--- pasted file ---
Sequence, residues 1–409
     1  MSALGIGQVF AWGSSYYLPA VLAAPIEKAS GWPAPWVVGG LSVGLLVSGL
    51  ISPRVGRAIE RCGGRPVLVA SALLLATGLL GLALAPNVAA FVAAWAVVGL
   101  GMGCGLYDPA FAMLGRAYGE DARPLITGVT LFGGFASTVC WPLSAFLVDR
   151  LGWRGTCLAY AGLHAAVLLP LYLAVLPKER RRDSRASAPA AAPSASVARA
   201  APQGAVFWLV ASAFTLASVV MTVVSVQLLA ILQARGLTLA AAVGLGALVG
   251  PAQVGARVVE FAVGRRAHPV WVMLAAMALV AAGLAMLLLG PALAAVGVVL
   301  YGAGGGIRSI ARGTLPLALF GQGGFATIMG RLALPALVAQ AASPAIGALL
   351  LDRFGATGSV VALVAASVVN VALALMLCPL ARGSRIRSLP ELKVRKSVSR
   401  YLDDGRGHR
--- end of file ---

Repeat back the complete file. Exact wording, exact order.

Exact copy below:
Sequence, residues 1–409
     1  MSALGIGQVF AWGSSYYLPA VLAAPIEKAS GWPAPWVVGG LSVGLLVSGL
    51  ISPRVGRAIE RCGGRPVLVA SALLLATGLL GLALAPNVAA FVAAWAVVGL
   101  GMGCGLYDPA FAMLGRAYGE DARPLITGVT LFGGFASTVC WPLSAFLVDR
   151  LGWRGTCLAY AGLHAAVLLP LYLAVLPKER RRDSRASAPA AAPSASVARA
   201  APQGAVFWLV ASAFTLASVV MTVVSVQLLA ILQARGLTLA AAVGLGALVG
   251  PAQVGARVVE FAVGRRAHPV WVMLAAMALV AAGLAMLLLG PALAAVGVVL
   301  YGAGGGIRSI ARGTLPLALF GQGGFATIMG RLALPALVAQ AASPAIGALL
   351  LDRFGATGSV VALVAASVVN VALALMLCPL ARGSRIRSLP ELKVRKSVSR
   401  YLDDGRGHR